The statement also said that the GNHWPCA is in “constant communication” with the state Department of Energy and Environmental Protection so as to be notified of any compliance issues.
Work on sewer separation in the area around Trumbull Street occurred throughout 2014. Sewer separation efforts are meant to stem “combined sewer overflow” events, which often occur during storms and leak raw sewage into rivers that flow into the Sound.
New Haven currently has 22 active CSOs, a large number of which are located around the Mill and Quinnipiac rivers. A 2011 survey by the GNHWPCA found that the removal of all city CSO locations would cost at least $550 million. The plan for removal involves separating combined sewers in Downtown and Fair Haven and constructing tanks to store excess combined wastewater.
From May 2014 to April 2015, the GNHWPCA saw a total of 172 CSO events, totaling 27.7 million gallons of discharge. That figure is significantly lower than the previous year, which had 297 CSO events totaling 104.2 million gallons of discharge.
Now that the Elm City and GNHWPCA have been served with the lawsuit, Rooney said the defendants will have 30 days from Oct. 2 to file a response. That filing deadline means that the lawsuit will not approach resolution until long after Stratford votes on whether to join the GNHWPCA on Nov. 3.
According to Henry Bruce, treasurer of the anti-regionalization “WPCA Get Answers” group and a talismanic figure in the anti-regionalization movement, it is not yet clear whether the lawsuit will influence the impending Stratford referendum over regionalization.
The Stratford Town Council approved selling the Town’s own WPCA to the GNHWPCA in the spring, but a petition movement garnered enough signatures — roughly 7,500 in a town of 33,000 voters — to force the town to hold a referendum on the proposal in November. Stratford Mayor John Harkins took the petitioners to court, claiming state law did not require a referendum. But the Connecticut State Superior Court sided with the petitioners in June and put regionalization on hold.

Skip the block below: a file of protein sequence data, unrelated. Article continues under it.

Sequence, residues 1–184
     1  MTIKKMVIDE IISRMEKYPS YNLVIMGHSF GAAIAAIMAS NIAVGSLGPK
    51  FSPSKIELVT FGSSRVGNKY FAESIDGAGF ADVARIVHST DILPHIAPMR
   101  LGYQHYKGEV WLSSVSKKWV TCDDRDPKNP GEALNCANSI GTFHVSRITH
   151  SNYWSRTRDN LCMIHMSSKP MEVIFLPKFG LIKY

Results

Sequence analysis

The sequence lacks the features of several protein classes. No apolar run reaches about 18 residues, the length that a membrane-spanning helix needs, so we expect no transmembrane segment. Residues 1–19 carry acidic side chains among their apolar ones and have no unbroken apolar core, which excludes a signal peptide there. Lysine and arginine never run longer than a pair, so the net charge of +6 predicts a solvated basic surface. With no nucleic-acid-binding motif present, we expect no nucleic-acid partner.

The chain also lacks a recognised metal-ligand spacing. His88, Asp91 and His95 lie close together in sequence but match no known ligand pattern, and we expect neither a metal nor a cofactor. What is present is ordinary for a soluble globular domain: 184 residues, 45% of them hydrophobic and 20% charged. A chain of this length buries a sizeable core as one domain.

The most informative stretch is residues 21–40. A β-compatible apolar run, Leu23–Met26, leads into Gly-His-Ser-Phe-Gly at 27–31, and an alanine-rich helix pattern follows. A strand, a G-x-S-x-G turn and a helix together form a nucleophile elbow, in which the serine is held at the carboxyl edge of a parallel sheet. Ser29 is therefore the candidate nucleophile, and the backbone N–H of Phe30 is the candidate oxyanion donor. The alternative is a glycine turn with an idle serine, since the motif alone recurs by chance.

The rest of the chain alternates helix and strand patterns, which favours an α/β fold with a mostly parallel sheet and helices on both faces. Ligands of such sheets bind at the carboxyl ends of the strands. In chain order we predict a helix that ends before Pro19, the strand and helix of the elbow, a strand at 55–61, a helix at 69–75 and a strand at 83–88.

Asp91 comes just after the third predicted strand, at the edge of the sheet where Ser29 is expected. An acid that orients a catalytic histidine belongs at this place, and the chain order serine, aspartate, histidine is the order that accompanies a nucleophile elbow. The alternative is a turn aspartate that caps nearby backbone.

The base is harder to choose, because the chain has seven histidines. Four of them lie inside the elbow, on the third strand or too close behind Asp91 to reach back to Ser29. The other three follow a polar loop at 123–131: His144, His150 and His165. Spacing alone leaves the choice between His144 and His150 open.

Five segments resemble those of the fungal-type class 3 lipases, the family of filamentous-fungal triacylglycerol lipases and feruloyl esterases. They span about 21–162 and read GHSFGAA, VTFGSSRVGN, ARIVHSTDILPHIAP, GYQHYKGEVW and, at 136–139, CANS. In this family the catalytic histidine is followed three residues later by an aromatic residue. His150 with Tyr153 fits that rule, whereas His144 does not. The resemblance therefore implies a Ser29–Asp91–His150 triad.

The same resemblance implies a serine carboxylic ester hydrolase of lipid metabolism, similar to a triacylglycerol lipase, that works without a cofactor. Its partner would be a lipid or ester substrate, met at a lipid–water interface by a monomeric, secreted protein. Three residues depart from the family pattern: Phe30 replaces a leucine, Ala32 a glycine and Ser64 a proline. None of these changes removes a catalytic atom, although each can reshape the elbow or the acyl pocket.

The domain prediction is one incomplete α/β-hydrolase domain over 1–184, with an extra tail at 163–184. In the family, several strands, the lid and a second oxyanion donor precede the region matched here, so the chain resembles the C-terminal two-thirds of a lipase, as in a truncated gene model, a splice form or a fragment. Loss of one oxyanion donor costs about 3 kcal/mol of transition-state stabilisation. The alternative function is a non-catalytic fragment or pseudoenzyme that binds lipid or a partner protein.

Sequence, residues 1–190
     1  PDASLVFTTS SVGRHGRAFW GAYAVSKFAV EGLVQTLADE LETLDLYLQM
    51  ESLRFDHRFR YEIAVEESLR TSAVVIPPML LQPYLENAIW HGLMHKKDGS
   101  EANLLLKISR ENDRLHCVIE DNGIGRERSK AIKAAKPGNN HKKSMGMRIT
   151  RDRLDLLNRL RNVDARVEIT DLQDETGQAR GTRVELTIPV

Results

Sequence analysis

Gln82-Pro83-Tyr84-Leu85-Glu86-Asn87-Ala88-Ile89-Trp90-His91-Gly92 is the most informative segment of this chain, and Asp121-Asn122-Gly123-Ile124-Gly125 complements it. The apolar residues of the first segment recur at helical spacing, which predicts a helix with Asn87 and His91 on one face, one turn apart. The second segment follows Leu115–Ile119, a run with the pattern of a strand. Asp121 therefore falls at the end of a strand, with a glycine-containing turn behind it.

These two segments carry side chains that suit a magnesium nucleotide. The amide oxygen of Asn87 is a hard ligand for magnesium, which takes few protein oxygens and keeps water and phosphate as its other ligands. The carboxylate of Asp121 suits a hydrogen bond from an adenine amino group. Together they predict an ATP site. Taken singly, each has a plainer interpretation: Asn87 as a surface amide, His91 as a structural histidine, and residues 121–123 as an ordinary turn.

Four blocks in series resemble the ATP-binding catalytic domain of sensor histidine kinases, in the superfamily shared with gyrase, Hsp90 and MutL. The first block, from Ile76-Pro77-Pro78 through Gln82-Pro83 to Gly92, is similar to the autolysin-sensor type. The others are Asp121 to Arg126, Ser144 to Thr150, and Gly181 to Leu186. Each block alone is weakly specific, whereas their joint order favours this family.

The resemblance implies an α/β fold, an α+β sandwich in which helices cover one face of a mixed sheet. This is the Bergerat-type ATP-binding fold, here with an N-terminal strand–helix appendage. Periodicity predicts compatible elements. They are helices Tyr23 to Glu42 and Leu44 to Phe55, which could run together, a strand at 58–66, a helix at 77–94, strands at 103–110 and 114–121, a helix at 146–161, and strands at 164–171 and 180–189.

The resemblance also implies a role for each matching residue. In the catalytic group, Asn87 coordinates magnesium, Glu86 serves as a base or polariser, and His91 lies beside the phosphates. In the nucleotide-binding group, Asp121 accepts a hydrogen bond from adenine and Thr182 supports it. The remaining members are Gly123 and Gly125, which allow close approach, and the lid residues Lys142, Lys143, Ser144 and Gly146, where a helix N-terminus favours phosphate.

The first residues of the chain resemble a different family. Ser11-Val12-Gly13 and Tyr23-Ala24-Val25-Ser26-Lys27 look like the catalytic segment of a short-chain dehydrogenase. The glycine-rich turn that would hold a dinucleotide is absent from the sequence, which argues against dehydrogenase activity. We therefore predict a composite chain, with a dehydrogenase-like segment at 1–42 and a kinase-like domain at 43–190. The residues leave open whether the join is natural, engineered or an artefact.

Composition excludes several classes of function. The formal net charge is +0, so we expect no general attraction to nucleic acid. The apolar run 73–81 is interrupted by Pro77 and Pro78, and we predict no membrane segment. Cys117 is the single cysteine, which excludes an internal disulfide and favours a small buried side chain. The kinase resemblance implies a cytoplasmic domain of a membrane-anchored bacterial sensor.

Harkins’ Chief of Staff, Mark Dillon, did not respond to request for comment on the Town’s reaction to the lawsuit.
Bruce said the lawsuit goes a long way toward supporting many of the points made by the anti-regionalization movement.
“I don’t know that it will greatly influence it one way or another,” he said. “But it’s basically another example that supports our claim that, down the road, if the sale goes forward, the GNHWPCA has huge capital expenditures ahead, and all rate payers in the regional authority will bear the brunt of the capital expenditures.”
Rooney echoed Bruce’s sentiment. He said all taxpayers in the authority’s jurisdiction — which would include Stratford residents if the deal passes — will finance any capital improvements to the GNHWPCA system that the lawsuit demands.
But Stratford’s geographic separation from New Haven means that the proposed regionalization would be only a financial merger, not a physical one. Stratford’s sewer system would continue to serve Stratford exclusively, so any updates to New Haven’s infrastructure would not affect the town.
Bruce said the referendum has taken on a significance beyond just the question of regionalization. Much of the discontent over the regionalization plan centered on how the Stratford’s administration has handled it. Critics say the Town Council passed the deal too quickly, without enough time for public input.
“I don’t think it’s a partisan issue. I think it’s a Stratford citizen taxpayer issue,” Bruce said. “I would say that this has become a referendum on Harkins and a referendum on our elected officials acting fiscally responsible.”
The diverse party affiliations of residents who have signed the petition for a referendum prove that regionalization is a largely nonpartisan issue, Bruce said.
With three weeks to go before the vote, Bruce said he is optimistic about the anti-regionalization movement’s chances.
“I’m confident of success,” he said. “I think in the next three weeks, we’re going to go through a process of reminding everyone what they learned in the springtime — remind them that this is not a good deal for the town’s taxpayers, remind them that the mayor wanted to deny us our rights.”